Hi everyone, I hope my alliteration and puns aren’t getting on your nerves (my mum is jokingly shaking her head in hands right now)! Firstly, I’d like to thank everyone for their support and encouragement after yesterday’s poem. I’ll probably not do that gain  for a while!  This is a bit of a backwards post as this sighting was from a few weeks ago, but some days, I just won’t be able to do both nature hunting and writing; but I will try my best.

As the end of Spring was near and the air was full of the scent of new wildflowers and the grasses were gently swaying,  I went on a school trip to Crom Castle. This is another amazing site managed by National Trust (as I’m going on another trip there soon, I’ll go into more detail next time). It’s another favourite spot of ours and again, has such a diversity of habitats and species. You can also hire out canoes and kayaks and take to the lake, this is a fantastic way to get close to and spot waders, ducks and geese. On this particular day, we were going geocaching but as usual I was more focused on the surrounding wildlife. Today, I want to share some facts and stories about the Fallow deer as it kind of enchanted me and seemed to look right at me, it probably wasn’t but once you have that connection with wildlife and nature, every experience is meaningful – to me anyway!

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So, the Fallow deer (Dama dama) are not normally accesible to the public but we were lucky today. I don’t have a zoomy camera but didn’t really need it as we got quite close. Fallow deer are a non-indigenous, once prized ornamental species and are mainly linked to deer parks. They have beautiful chestnut, spotted hide (the spots fade in the winter) and prefer a mixed woodland habitat. In the wild, herds are nomadic and roam the land. When I think of deer, I immediately think of misty hills and cool crisp mornings, mystery and history. They are hunted for their venison and were once in real trouble here. Historically, when the Roman empire collapsed, genetic analysis shows that these deer went extinct in Britain. It wasn’t until the 11th century that fallow deer were re-introduced by the Normans and in time they spread out from their inital residence of the deer park onto the land. Their frequent appearnace meant that they ended up on the table of aristocrats and other nobles. Their population declined again as interst for deer parks waned, the escapees are the foundation of the living population today.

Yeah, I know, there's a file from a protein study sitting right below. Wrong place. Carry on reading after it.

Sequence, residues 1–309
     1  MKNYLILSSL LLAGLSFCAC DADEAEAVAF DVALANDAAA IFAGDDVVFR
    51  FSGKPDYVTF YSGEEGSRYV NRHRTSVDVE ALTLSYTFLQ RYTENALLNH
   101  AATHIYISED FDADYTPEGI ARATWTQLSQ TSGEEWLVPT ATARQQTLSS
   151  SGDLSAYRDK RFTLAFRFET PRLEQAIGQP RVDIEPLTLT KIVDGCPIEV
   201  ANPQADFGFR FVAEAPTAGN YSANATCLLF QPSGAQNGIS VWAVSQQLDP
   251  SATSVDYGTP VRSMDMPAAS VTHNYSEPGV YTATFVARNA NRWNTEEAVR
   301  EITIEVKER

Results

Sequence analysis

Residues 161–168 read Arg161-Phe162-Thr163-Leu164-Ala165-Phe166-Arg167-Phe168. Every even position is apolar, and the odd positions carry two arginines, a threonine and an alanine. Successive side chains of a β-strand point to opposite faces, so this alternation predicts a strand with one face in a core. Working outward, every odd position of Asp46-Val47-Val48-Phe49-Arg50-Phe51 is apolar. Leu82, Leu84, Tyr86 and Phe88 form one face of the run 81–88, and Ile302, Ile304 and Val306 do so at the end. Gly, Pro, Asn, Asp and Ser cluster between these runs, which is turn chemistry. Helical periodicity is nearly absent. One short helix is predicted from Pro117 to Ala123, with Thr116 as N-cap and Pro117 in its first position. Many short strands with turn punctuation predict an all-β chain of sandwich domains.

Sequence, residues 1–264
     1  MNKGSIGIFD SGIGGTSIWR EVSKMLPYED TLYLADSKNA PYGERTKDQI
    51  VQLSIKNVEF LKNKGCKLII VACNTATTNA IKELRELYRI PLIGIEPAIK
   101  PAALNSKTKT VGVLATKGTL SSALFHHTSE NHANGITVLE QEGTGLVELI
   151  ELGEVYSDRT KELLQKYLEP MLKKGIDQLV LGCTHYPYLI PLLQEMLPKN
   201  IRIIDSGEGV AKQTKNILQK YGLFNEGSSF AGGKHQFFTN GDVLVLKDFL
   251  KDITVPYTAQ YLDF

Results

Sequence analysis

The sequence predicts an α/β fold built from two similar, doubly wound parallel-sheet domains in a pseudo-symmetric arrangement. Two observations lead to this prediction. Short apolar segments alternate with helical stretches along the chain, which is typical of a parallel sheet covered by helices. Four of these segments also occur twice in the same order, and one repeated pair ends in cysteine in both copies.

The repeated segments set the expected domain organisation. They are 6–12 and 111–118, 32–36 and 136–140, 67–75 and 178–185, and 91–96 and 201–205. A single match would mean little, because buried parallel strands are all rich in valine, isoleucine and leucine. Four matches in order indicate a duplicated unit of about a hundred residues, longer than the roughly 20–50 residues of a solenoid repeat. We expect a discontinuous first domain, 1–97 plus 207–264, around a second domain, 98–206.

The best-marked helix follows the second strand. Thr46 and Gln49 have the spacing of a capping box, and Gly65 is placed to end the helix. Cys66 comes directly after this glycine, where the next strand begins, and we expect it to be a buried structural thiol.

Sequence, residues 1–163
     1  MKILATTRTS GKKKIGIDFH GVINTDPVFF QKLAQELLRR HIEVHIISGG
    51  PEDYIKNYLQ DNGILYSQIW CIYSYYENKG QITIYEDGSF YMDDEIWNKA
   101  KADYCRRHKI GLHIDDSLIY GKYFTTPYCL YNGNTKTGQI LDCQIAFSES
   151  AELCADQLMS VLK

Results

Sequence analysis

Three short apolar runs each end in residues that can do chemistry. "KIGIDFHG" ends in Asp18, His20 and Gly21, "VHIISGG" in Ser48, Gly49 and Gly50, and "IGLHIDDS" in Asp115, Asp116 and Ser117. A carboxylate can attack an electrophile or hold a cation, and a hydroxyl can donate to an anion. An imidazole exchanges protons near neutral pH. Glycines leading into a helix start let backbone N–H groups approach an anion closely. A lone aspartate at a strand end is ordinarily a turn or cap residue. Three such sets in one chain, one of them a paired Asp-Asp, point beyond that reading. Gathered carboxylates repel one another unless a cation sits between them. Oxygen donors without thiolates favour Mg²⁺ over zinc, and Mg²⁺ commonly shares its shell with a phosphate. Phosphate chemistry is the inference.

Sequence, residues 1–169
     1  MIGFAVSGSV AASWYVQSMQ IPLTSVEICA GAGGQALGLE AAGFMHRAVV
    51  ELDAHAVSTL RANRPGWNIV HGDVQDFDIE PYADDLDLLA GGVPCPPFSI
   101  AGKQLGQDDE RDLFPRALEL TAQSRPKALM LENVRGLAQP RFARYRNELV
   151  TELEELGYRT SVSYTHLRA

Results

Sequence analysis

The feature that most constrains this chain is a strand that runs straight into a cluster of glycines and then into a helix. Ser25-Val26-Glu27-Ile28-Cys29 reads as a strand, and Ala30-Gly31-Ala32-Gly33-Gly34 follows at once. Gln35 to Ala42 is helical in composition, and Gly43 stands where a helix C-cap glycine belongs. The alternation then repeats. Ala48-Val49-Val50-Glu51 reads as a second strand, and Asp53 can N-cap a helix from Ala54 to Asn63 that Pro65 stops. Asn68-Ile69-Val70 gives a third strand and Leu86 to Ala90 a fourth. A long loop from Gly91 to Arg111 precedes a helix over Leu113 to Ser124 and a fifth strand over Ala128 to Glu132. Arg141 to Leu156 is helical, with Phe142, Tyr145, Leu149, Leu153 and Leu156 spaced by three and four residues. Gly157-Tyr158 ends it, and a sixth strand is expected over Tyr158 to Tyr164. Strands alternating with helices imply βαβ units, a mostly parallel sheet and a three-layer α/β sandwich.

Although they are very beautiful and elegant animals, they are in constant conflict with farmers and landowners as they eat crops and tree shoots which can cause lots of damage. Deer populations require management to make sure the equilibrium of biodiversity is maintained. I have never eaten venison and don’t really plan to and although I can symapthise with the idea of ‘culling’ for land management, I do not agree with sporting hunting. I cannot comprehend such behaviour. I can understand culling as there are no top predators such bears, lynx and wolves – the ecosystem is not in balance and so needs intervention.

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Fallow bucks can be really aggressive during ‘rutting’ or mating season. Battling competitive displays are quite a sight to see and hear! They can even fight to the death and at Crom they loose a few every year. They mainly live in single sex groups most of the year, only getting together at rutting. The season starts in September and are over by the end of October. A doe will start breeding at around 18months and give birth to one fawn the following May and as we were onlooking, the fawns scarpered and I missed a chance to take a photograph. I am not a wildlife photographer, I know I am frequently apologetic about this but really wish I could give you some great images. You can watch my progress as time goes by and hopefully I will improve.

These easily spooked, majestic creatures are a joy to watch, their easiness with us was really brilliant and I’m glad we could just stare at them for a while. I hope you enjoyed reading a little bit more about fallow deer.

Dara